What do you think? What's he missed here? A lot no doubt, tell him.


Anonymous said...

Sounds good! I'd be in!


@Crank_Dub said...

I have no experience of publishing, with or without the 'e' but I see a lot of parallels between your proposal and the music biz (which I am familiar with).

Up until the advent of the internet and the rise of home computing, making an album without the assistance of a record company was a major undertaking. Studio time was prohibitive to all but the dedicated, mastering and pressing either vinyl or CDs a sizeable expense, not to mention designing, printing, distribution, launching, marketing, etc. You really had to be either independently wealthy or slightly insane to self-release albums. But it was and is possible and people still do it every day.

It is natural to expect that one's nearest and dearest will (often grudgingly) support your endevours but selling a couple of hundred albums to your mates does not a career make and is not sustainable. I did once see a statistic for the number of bands who release one album but never make a second one and the percentage was certainly nearer to 100 than 0.

But one is always right to try because, once the music is out there, one never knows what can happen and stories abound of lucky breaks and surprising successes.

The new models of publishing — either music or writing — are at least more affordable for the masses but it has led to these art forms becoming devalued. It is undoubtedly more difficult than ever to find the gold amongst the thrash. As Bob Dylan once said "the world don't need no more albums", before going on to release another half-dozen or so.

The only advice I can give to you, Mr. Man, is to write the best book you can now and, like musicians who use the talents of producers, engineers, session musicians et al, look for the best help you can find and be prepared to take advice even when it's painful. If, in a year's time, you re-read your book and see all the places where it might have been improved, put it aside and write a better one. In my experience the people who never get better are those who think that everything they do is amazing.

If it's any help, I for one am looking forward to reading the result of your toil (even if it takes a little longer than you'd hoped).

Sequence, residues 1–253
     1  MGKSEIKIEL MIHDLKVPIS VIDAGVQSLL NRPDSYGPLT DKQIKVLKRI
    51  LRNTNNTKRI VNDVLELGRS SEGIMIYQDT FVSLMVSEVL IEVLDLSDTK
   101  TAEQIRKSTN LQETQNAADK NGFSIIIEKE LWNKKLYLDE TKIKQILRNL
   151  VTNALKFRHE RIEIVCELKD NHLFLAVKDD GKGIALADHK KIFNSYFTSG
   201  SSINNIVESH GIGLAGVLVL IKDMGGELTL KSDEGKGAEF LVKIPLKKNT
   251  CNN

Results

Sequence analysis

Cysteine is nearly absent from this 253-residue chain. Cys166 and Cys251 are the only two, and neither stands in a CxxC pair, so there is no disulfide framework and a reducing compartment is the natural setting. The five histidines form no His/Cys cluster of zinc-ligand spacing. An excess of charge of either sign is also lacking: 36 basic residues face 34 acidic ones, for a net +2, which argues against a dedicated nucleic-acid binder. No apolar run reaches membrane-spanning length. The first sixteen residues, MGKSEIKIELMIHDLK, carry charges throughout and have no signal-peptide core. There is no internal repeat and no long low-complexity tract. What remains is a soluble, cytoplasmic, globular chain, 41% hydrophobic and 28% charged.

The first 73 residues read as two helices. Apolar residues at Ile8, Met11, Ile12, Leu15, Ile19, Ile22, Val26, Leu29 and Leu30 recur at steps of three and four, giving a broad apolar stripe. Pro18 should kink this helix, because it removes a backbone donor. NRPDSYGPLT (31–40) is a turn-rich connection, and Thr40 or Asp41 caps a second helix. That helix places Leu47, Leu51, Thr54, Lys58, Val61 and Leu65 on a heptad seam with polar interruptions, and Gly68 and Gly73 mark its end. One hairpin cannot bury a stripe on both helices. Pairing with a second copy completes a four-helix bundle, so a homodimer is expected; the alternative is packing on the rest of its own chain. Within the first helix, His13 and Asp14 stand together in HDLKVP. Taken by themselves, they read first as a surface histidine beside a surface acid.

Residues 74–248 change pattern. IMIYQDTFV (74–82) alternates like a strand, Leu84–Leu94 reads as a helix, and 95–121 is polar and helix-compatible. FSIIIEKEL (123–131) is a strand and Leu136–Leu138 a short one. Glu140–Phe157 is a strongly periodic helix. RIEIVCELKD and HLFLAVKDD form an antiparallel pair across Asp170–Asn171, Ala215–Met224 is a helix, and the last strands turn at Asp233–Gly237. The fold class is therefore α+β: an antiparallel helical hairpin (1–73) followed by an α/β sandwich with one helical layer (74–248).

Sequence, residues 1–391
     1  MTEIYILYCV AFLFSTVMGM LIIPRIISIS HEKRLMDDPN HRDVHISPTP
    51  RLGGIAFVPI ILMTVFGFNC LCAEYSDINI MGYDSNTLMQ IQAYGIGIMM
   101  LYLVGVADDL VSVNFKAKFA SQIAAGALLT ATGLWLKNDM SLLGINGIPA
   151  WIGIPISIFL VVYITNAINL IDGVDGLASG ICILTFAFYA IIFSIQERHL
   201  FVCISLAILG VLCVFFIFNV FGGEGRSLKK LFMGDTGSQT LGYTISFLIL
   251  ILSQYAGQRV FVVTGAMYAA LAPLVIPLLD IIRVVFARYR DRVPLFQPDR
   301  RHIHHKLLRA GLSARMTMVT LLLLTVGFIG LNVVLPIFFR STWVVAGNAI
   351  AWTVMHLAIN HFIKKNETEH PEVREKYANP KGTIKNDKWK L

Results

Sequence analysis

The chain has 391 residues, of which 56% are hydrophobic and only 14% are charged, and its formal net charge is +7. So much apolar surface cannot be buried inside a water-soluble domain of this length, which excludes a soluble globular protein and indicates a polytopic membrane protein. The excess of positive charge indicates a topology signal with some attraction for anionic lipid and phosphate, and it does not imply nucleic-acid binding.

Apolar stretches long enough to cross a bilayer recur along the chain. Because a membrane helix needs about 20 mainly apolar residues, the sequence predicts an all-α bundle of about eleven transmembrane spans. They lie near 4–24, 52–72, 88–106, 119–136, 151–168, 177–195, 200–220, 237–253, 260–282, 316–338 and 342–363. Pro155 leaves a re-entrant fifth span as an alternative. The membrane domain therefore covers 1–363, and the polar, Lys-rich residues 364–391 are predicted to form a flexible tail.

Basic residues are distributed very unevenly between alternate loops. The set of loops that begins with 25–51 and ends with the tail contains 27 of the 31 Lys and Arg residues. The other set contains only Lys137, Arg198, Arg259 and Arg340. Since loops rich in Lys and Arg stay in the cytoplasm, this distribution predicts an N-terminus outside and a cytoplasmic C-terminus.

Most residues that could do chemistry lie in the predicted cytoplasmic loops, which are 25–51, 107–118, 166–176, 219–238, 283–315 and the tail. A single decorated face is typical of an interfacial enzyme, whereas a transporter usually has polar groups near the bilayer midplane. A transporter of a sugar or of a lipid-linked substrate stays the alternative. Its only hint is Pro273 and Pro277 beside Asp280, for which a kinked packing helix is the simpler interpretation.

Stagerabbit said...

One suggestion: incorporate as an NPO Hojin.

Then, over time, you can accept cash donations from people who want the project to go on (donations would cover office expenses, domain renewal, website costs, etc. in the short term, and maybe actually pay for some staffing and promotion in the long term).

It will also keep the project honest in its goal of helping people self-publish because it won't get sidetracked by the types of issues that plague normal businesses, or projects that unwittingly become businesses.

Our Man in Abiko said...

Sage advice. In fact, the best advce is (almost always) the least desired. The last things I want to do are to recreate the vanity press online or reinvent the wheel or end up doing something a trad publisher can do better.

A few more lengths may be called for here.

Still thinking. And writing.

Anonymous said...

A possible source of ideas about how to implement this: Heinz Wolff has come up with an idea for caring for the elderly which could possibly be adapted as 'caring for writers.' It involves a credit system - if you put in a certain number of hours (work, whatever) you accumulate credits which you can then draw on later when you need them. I heard about this on a podcast (, the 5 March episode) and it strikes me there might be some elements you could poach from this system. I can't find a detailed description online, but the interview is worth a listen. He's an interesting guy who thinks outside the box.

If you had a big and diverse enough group, different talents could be drawn on as needed.

Money might need to be involved at some point, though ... perhaps a sort of common fund, where a small percentage of proceeds from each book published goes into the fund, to be drawn on by people who want to offer services but don't need services themselves? But then things get complicated, because you need someone to administer the fund, and agreement on fees, and so on...

I'll stop now. This is getting too complicated.

Kansai Mary

Our Man in Abiko said...

Hmmm. We already have a universal means of exchange. It's called money. Hmmm.

Isabella said...

True grit is making a decision and standing by it,doing what must be done.

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Craig Scanlan said...

I'm in for any help I can offer, as long as we don't use yammer again....